Contender, The

Rated: R
Stars: Joan Allen,
Jeff Bridges, William Petersen

Politics was never presented in a seamier fashion than it is here. It’s a Clinton deja vu, only this time it’s the president’s vice presidential nominee who’s taking all the heat.

Joan Allen stars as Ohio Senator Laine Hanson, who has just been nominated by President Jackson Evans (Jeff Bridges) to replace his recently deceased vice president. He names her over Gov. Jack Hathaway (William Petersen) who appears to be the top contender of the moment. But, Hathaway is asked to step aside and let the first good choice for a woman v.p. proceed unscathed. She’s the perfect choice, attractive, married with a young son and has a supportive husband.

Almost as soon as Hanson’s is dropped, up crops charges of sexual deviateness from her past, replete with explicit photographs and damaging testimony. A major smear campaign is orchestrated by Congressman Shelly Runyon (Gary Oldman) who is an axe to grind with President Evans. It gets messier as time goes on and Runyon gets the support of an idealistic Representative named Webster (Christian Slater) who believes he is serving justice in bringing down a morally corrupt official in Hanson.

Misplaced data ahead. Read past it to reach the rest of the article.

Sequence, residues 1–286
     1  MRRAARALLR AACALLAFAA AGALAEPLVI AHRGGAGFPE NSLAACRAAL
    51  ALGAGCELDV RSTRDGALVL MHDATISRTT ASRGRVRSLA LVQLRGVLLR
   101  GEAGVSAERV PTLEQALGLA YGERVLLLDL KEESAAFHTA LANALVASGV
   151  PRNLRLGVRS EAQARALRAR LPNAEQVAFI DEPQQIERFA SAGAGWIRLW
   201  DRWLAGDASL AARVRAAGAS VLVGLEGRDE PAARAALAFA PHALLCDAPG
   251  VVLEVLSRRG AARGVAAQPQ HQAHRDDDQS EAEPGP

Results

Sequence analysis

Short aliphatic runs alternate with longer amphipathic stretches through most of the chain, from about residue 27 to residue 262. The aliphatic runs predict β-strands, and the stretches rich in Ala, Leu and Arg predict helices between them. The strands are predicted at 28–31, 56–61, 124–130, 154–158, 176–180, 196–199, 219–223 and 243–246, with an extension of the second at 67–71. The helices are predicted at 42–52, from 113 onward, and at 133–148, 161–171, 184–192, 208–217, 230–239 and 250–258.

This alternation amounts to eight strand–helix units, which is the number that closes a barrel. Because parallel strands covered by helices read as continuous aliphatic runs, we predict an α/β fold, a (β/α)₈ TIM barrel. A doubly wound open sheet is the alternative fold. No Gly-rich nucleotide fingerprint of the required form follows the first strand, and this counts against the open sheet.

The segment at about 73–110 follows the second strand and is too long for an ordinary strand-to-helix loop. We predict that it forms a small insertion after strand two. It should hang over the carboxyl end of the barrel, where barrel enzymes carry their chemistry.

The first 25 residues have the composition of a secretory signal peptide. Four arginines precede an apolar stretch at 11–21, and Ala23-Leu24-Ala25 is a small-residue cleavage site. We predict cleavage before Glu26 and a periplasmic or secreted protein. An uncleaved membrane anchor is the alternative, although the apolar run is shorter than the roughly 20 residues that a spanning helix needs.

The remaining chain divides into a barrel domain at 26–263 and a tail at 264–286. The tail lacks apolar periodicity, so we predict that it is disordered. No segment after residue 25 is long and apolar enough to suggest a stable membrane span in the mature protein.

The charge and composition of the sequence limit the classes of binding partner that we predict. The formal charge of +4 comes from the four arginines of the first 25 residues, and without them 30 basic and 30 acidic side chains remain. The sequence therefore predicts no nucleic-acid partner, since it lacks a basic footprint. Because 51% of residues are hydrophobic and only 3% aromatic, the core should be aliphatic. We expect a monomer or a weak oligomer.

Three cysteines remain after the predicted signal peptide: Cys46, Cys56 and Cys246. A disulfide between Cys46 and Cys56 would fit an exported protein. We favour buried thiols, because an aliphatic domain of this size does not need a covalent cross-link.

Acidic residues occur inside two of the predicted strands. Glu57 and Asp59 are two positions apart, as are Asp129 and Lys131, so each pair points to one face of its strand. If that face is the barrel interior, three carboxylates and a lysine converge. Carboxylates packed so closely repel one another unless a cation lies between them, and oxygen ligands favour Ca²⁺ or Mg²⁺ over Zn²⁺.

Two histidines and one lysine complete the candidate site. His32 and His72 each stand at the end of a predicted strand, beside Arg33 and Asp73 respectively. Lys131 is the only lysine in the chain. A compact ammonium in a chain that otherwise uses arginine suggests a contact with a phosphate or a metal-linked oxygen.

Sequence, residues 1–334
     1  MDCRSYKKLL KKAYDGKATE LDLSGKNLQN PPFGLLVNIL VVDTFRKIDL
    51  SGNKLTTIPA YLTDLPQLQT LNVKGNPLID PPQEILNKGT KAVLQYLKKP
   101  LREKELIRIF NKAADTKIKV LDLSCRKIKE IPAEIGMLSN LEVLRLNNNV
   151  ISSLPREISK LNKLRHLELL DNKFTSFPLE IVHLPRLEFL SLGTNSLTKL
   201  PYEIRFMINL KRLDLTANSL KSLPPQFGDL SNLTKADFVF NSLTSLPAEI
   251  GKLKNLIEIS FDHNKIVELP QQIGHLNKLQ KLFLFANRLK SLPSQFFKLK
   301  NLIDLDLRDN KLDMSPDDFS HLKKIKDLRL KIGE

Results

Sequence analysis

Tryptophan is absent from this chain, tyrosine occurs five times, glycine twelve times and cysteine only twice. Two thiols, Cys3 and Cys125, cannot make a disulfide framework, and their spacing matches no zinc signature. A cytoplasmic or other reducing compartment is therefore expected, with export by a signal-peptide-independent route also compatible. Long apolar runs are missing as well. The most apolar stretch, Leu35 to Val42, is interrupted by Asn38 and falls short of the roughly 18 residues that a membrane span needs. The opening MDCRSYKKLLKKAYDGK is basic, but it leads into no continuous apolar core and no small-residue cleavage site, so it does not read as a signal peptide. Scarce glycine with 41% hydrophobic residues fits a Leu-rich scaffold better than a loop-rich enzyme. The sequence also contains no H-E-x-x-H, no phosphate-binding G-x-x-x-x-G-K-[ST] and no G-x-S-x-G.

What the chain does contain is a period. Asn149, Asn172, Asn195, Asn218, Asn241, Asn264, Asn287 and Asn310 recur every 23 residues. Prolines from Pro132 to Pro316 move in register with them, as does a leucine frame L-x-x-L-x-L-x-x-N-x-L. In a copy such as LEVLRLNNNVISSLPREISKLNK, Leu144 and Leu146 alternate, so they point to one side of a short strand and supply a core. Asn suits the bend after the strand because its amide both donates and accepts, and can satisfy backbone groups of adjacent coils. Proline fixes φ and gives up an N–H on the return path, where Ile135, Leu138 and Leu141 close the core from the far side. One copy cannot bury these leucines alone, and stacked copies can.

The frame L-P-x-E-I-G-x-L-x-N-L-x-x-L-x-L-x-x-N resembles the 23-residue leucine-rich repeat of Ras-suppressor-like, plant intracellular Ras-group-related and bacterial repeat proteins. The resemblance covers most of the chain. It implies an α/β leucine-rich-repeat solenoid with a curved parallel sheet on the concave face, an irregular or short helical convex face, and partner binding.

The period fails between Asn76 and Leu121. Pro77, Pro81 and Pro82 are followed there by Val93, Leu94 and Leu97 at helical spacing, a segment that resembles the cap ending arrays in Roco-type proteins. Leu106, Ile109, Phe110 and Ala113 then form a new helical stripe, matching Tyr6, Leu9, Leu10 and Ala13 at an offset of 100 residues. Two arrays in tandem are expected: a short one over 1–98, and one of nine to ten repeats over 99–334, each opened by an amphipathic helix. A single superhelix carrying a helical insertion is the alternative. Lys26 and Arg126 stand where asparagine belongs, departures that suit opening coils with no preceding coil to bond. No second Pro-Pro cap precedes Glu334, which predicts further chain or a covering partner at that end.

What you get from this film is how much of a chess game politics is, only one played with cheap nasty tricks and constant one-up-manship. Allen’s character is the principled one we would hope that all our politicians were like.

Look for high quality acting from a good cast, especially Oldman, who is nearly unrecognizable as a slimy, opportunistic Midwestern congressman. Allen, too is especially good, balancing her emotions during the endless attacks from Runyon’s camp. Bridges as the President is believable and adds some comic relief with his food fetish. He has one of the best rousing political speeches at the end of the movie that I’ve seen in a long time. And it’s nice to see Sam Elliott in a solid performance as presidential assistant Kermit Newman. The story is taut and interesting.

Lotta says the single most troubling aspect to this film is the depiction of how sordid politics is – all around – from how the president makes his decisions to how congressmen play their rough little games, and then we have to sit through rousing patriotic b.s. speeches. It really is a little hard to take.